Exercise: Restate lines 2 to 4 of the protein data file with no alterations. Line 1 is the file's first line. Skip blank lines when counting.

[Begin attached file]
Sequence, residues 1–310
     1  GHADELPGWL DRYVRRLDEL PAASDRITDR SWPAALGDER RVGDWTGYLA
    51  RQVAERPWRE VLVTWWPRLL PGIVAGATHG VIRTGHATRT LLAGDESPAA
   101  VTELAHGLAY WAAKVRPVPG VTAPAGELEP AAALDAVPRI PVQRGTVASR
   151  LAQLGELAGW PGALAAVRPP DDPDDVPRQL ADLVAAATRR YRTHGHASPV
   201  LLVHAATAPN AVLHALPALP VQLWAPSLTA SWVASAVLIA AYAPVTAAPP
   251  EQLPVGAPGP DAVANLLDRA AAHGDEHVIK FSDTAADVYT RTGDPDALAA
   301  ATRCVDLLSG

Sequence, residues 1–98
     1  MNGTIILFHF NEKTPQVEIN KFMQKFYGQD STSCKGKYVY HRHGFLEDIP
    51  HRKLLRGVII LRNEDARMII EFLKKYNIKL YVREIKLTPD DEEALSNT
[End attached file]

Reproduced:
     1  GHADELPGWL DRYVRRLDEL PAASDRITDR SWPAALGDER RVGDWTGYLA
    51  RQVAERPWRE VLVTWWPRLL PGIVAGATHG VIRTGHATRT LLAGDESPAA
   101  VTELAHGLAY WAAKVRPVPG VTAPAGELEP AAALDAVPRI PVQRGTVASR